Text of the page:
The budget also includes $2 billion for the State Opioid Response grant program, a $425 million increase above FY 2023 enacted, to provide direct services to prevent, treat, and promote recovery from issues related to opioid misuse,

Building Capacity to Improve the Nation’s Behavioral Health

The budget would continue to support access to high-quality public health data regarding mental health and substance use. 

  Expanding and Diversifying the Behavioral Health Workforce

The budget includes $37 million for SAMHSA’s Minority Fellowship Programs, an increase of $17 million over FY 2023 enacted. Since the Fellowship began in 1973, the program has increased the number of culturally competent behavioral health professionals who teach, administer, conduct services research, and provide direct mental illness or substance use disorder treatment services for underserved minority populations. The proposed investment in this program will almost double the number of fellows and increase the number of trained providers to 6500.


Behavioral Health Workforce Development

HRSA’s behavioral health workforce development programs train new behavioral health providers— including clinicians, peer support specialists, and others—and increase the number of providers practicing in areas of high demand throughout the country. The FY 2024 budget includes $387 million, which is $190 million above FY 2023 enacted, to train about 18,000 behavioral health providers to help respond to the mental health and substance use crisis currently affecting our country.

Supporting the Mental Health and Wellness of the Health Professions Workforce

The FY 2024 budget invests $25 million, in support of the Dr. Lorna Breen Act, for a new program to support the development of a culture of wellness in health care facilities including hospitals, rural health clinics, community health centers and medical professional associations.

Rural Opioids Response

Within the total for Rural Health, the budget invests $165 million for the Rural Communities Opioid Response Program, an increase of $20 million above the FY 2023 enacted. This increase will support the development and continuation of community-based grant programs and technical assistance that provide needed behavioral health, including Opioid Use Disorder and Substance Use Disorder services to rural residents.

Rural Behavioral Health Initiative

The budget for rural health includes $10 million for a new Rural Health Clinic Behavioral Health Initiative to expand access to mental health services in rural communities.


Youth Mental Health Promotion and Treatment

The budget request includes $90 million, an increase of $52 million above FY 2023 enacted, for CDC’s What Works in Schools program. The program strengthens the integrated delivery of mental health promotion and treatment interventions to students and families across a range of care settings with a focus on Black and Hispanic youth, female students, and LGBTQI+ youth who experience disproportionately adverse mental health outcomes.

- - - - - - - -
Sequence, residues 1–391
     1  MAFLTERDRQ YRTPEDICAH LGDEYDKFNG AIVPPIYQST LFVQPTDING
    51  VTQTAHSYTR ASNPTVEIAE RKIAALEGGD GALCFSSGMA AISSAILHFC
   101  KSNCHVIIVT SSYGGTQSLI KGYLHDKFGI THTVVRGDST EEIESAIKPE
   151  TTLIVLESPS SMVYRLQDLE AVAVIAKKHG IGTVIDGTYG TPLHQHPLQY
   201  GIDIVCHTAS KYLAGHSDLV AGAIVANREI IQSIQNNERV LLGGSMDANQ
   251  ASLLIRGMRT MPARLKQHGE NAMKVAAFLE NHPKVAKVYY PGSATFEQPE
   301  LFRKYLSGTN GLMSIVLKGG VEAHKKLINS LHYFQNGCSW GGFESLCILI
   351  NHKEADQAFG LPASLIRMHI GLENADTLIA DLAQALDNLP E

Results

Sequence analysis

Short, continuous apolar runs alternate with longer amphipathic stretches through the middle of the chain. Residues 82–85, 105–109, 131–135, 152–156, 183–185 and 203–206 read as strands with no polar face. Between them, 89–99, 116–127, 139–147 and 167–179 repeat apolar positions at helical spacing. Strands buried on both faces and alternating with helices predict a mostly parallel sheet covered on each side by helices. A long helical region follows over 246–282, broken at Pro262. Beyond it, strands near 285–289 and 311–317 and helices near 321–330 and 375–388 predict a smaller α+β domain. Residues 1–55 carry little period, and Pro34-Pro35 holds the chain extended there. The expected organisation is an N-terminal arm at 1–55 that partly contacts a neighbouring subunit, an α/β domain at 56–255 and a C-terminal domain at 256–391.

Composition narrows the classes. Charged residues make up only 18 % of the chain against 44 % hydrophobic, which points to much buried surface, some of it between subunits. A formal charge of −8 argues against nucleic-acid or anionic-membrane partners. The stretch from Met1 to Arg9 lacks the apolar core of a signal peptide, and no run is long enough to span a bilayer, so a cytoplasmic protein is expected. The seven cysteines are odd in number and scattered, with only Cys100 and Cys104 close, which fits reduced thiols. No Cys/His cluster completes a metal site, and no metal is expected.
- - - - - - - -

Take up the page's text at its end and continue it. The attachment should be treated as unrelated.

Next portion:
Suicide Prevention

The FY 2024 budget requests $80 million, an increase of $50 million above FY 2023 enacted, for the Suicide Prevention Program to expand CDC’s work to all 50 states, the District of Columbia, and 18 tribal and territorial communities, as well as other nongovernmental organizations and university research programs to reduce suicide.


Combatting Overdose and Addiction

The budget includes over $1.8 billion within NIH for opioids, stimulant and pain research, Of this total, $1.2 billion would support ongoing research across the Institutes and Centers, while $636 million is allocated to the Helping to End Addiction Long-term (HEAL) Initiative. Founded in 2018, the HEAL initiative strives to address opioid addiction by developing new treatments and strategies to address both pain and opioid use disorder and advance healthy equity.

Innovating Mental Health Research and Treatment

The FY 2024 budget includes an increase of $200 million for the National Institute of Mental Health to support better diagnostics, improved treatments, and enhanced precision of care for mental health.


The FY 2024 budget requests $5 million in new funding, which would allow AHRQ to conduct new research to better understand how to scale and spread existing “Local Integrated Care Network” models. Local Integrated Care Networks provide behavioral health support systems for primary care practices.


This proposal provides $125 million in mandatory funding over five years for grants to states to enforce mental health and substance use disorder parity requirements. Any funds not expended by states at the end of five fiscal years would remain available to the HHS Secretary to make additional mental health parity grants. [$125 million in costs over 10 years]

Implications and Next Steps

The budget plan from the White House would significantly expand mental health workforce development programs through new initiatives offered by SAMHSA, HRSA, and CDC, and significantly increase funding for crisis and mobile services at the local level.  These initiatives and others highlighted in this report, if enacted, would offer new opportunities for behavioral health providers to participate in several delivery systems and programs in the public and private sectors.

The FY 2024 budget process is still in its early phases, and there we will likely see several changes to the budget between now and the end of the calendar year. NCMHA will be closely monitoring the budget development process and reporting on progress in investments in older adult mental health programs. 

Keep in mind that the budget negotiations between Congress and the White House will be caught up in the battle to raise the federal debt ceiling, so the country does not default on its payment obligations.

So stay tuned… as this is likely to be a messy Congressional budget-development process… again.